What is Performance Management?

Performance management is used to address poor performance from an employee. An employee should be made aware at the engagement of their employment of the job description that will form the requirements of their role. This should be a written document and can include things such as key performance indicators, targets, project completion requirements, etc. If you have an employee who is failing to meet any of the above requirements, an employer may consider entering the employee into a performance management process.

As a part of the process, we would always recommend addressing the performance issues informally with the staff member, prior to entering a formal process. This can be done by way of informal meeting followed by an email to the employee recapping the discussion points, and areas of improvement.

If you are past the first ‘informal’ stage and there is no improvement with the employee, you can invite the employee to a formal meeting and identify the issue e.g., where skills are lacking, and offer to provide further training where appropriate.

The employer should develop an ‘action plan’ often called a ‘performance improvement plan’ (or ‘PIP’) which sets out the expectations of performance going forward. The employer should work with the employee to establish where they are sitting at currently with their performance, and where the employer expects the employee to be within a certain time frame. Typically, a performance management plan should be a minimum of 4 weeks duration, as this often provides a reasonable time for the employee to improve their performance, and for the business owner to measure performance against goals initially set.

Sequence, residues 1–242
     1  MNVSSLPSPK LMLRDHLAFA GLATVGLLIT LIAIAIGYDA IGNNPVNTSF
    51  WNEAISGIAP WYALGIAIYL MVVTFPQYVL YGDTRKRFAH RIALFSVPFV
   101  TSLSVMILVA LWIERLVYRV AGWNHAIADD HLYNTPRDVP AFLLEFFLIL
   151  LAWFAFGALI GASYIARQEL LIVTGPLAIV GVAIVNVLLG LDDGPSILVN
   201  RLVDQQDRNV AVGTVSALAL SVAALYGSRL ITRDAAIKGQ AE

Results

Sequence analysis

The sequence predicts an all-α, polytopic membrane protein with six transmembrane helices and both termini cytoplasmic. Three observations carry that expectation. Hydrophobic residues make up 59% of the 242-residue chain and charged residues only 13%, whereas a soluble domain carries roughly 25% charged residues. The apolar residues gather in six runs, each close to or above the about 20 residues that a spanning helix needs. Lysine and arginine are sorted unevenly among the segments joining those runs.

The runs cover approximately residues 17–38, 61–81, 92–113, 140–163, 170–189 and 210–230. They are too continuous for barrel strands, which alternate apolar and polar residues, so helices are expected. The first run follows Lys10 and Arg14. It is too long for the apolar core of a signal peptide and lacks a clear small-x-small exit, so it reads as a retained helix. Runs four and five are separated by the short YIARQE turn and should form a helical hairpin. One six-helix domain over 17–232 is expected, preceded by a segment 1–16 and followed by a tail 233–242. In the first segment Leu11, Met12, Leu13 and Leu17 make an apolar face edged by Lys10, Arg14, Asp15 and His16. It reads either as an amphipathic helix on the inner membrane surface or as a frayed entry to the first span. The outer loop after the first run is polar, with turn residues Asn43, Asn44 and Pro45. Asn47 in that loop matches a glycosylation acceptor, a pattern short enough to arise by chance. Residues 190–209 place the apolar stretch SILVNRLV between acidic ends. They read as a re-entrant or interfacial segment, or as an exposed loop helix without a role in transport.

It is important that throughout the performance management process that the employer checks in regularly and provides any additional training / support if required. The purpose of this plan is to further assist and develop the employee to get on track, or for there to be consequences if they do not.